Thursday, June 23, 2011

Onward, Ho!!

The question of the year, and on everyone’s mind is… Where did Tok (pronounced toke) get its name?  I have a special prize that I will send to anyone that can give me a definitive answer…

After about an hour stay in Tok we hit the highway again on our way to the Alaska / Yukon border.  It is about a 2 hour drive through some beautiful country with ample opportunity to see some wildlife.  So far on my journeys I have come across Bears, Beavers, Eagles, Porcupines, Moose, Trumpeter Swans, and a myriad of other critters.  Pictures to follow…  Just before reaching the border we pass through the Tetlin National Wildlife Refuge described beautifully below, thanks to

Tetlin National Wildlife Refuge is a dynamic landscape made up of forests, wetlands, tundra, lakes, mountains and glacial rivers bounded by the snowy peaks of the Alaska Range. This upper Tanana River valley has been called the "Tetlin Passage," because it serves as a major migratory route for birds traveling to and from Canada, the lower 48 and both Central and South America. Many of these birds breed and nest on the refuge. Others pass through on their way to breeding and nesting grounds elsewhere in the state. Migrants, including ducks, geese, swans, cranes, raptors and songbirds, begin arriving in the valley in April, and continue into early June. An estimated 116 species breed on Tetlin during the short summer, when long days and warm temperatures accelerate the growth of plants, insects and other invertebrates, providing a ready source of rich foods for nesting birds.

Tetlin Refuge also supports a variety of large mammals. Dall sheep dot the higher slopes while moose feed upon the tender new growth that springs up in the wake of frequent lightning caused fires. Wolves, grizzly and black bears and members of three different caribou herds range over the refuge.

Two of the six known humpback whitefish spawning areas in the Yukon River drainage are located within the refuge. Along with caribou and moose, these fish are important subsistence resources for area residents. Arctic grayling, northern pike and burbot are also found in the refuge's many streams and lakes.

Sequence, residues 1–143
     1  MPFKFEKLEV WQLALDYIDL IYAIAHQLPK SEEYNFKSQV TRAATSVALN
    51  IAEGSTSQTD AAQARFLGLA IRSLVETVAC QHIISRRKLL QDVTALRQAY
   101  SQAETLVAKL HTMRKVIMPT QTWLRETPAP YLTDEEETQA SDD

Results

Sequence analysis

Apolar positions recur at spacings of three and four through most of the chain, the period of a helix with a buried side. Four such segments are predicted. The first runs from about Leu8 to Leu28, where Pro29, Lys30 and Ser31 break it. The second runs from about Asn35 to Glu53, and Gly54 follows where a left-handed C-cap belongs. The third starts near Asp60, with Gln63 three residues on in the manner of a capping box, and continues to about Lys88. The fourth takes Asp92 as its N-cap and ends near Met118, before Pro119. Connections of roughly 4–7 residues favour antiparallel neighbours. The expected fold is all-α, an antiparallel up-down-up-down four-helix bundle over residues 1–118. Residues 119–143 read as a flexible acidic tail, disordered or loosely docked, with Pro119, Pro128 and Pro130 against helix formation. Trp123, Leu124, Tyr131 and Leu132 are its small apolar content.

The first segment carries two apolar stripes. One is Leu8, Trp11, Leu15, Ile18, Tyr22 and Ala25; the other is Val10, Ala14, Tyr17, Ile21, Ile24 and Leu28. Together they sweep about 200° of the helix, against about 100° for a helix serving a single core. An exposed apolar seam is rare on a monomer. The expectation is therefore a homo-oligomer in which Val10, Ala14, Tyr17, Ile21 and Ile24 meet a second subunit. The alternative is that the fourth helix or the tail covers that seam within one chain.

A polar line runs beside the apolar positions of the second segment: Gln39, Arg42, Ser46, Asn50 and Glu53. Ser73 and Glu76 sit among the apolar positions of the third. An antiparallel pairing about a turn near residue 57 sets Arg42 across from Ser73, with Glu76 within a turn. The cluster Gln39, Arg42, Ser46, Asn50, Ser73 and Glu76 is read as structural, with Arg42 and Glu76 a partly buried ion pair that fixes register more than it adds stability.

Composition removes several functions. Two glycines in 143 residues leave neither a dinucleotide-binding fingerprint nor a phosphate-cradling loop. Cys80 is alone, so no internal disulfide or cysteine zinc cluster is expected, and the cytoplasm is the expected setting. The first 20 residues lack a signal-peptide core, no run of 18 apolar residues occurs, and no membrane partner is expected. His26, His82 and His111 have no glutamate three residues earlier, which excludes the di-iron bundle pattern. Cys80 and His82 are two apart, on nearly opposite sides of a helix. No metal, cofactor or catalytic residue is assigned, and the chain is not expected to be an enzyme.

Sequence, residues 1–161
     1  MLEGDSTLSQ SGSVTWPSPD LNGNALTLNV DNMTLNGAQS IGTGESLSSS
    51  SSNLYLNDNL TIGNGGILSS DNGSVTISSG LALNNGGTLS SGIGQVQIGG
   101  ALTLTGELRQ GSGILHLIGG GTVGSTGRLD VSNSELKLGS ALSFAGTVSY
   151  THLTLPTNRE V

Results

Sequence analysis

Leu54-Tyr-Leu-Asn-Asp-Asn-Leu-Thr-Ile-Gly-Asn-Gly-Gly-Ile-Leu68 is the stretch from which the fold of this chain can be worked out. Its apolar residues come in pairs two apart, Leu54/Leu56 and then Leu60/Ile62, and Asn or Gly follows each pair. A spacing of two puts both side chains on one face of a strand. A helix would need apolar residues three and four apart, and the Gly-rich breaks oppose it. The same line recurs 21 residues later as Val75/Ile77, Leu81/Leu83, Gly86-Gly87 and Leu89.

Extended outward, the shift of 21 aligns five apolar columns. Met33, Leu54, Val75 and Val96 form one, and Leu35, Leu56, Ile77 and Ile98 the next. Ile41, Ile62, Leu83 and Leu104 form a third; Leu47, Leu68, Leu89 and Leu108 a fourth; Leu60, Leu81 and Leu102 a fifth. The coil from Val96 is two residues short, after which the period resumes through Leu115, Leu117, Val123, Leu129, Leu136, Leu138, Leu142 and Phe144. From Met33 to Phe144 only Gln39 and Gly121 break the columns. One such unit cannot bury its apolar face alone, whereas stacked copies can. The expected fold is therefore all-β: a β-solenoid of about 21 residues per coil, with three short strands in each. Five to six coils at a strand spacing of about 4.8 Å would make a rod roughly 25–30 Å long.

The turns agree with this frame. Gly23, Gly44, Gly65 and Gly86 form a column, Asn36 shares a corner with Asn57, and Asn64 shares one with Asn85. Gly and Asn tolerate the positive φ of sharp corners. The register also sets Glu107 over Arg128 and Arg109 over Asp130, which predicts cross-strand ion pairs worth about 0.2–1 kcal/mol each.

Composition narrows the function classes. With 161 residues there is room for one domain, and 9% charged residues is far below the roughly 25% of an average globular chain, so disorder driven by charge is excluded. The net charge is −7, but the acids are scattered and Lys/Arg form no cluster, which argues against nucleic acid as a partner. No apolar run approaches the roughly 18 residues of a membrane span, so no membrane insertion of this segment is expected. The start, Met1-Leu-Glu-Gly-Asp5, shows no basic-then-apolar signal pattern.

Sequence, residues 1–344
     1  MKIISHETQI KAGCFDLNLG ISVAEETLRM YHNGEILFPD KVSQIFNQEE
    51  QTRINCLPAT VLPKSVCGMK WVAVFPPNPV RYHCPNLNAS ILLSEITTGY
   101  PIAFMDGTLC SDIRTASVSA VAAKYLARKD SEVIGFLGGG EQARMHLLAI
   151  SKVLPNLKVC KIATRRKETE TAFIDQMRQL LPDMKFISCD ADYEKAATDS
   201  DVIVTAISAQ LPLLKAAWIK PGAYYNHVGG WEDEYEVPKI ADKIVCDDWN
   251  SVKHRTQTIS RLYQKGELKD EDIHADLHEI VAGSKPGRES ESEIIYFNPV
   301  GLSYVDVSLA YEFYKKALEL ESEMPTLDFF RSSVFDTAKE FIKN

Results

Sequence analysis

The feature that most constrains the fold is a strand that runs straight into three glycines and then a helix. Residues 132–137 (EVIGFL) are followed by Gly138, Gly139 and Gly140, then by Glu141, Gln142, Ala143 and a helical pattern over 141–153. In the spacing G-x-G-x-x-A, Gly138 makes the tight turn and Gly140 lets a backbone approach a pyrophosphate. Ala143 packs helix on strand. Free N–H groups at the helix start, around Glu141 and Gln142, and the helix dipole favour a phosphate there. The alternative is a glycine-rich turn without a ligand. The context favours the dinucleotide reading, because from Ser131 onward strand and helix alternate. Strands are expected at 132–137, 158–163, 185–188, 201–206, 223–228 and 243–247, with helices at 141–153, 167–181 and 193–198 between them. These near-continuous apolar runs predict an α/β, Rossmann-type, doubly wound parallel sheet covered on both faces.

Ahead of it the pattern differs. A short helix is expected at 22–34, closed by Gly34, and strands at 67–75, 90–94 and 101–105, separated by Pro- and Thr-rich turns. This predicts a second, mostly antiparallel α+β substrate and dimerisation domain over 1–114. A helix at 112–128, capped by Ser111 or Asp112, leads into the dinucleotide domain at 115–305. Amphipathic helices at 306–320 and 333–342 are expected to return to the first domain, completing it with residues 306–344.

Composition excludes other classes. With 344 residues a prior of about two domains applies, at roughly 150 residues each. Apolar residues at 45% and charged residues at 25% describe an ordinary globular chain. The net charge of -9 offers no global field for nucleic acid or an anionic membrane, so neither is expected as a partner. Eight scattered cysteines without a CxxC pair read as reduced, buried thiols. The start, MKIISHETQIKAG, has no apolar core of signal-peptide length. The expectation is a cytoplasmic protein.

The refuge has a surface area of 700,058.54 acres, and is one of the larger (currently #18) National Wildlife Refuges in the United States, although, perhaps surprisingly, also the second-smallest of the sixteen in Alaska.

This brings us to the border crossing… At the Alaska / Yukon border there is a 20 foot wide swath of land that is cleared in a straight line that disappears into the horizon.  This is maintained by either the Canadian or the U.S. government.  My understanding is that responsibility changes every 8 years between the countries, but I will have to double check that info the next time I run through.

Clearing customs is usually a simple straight-forward affair that involves me running inside the customs office with my manifest and any non-U.S./Canadian passports.  On rare occasion customs will ask the foreign guests to enter the building for processing, but most times they just let us pass through or maybe a quick walk-through on the coach.  I have not had any major issues yet getting into Canada.  Coming the opposite way, however, is a little more of a hassle.  We are first subjected to a Radiation scan as I drive the coach through columns that subject us to who knows what fun invasion of self.  I once had a person on the coach that made mention that the scanners were so sensitive that they would pick up eminations from someone that had just gone through a medical procedure involving the dye and x-ray thingies.  I am glad I am done with kids… but what about cancer?  Of course the government says that they are perfectly safe… oh yeah!  That makes me feel MUCH better.  After a little more harassment, we are usually let through with only a couple random probes.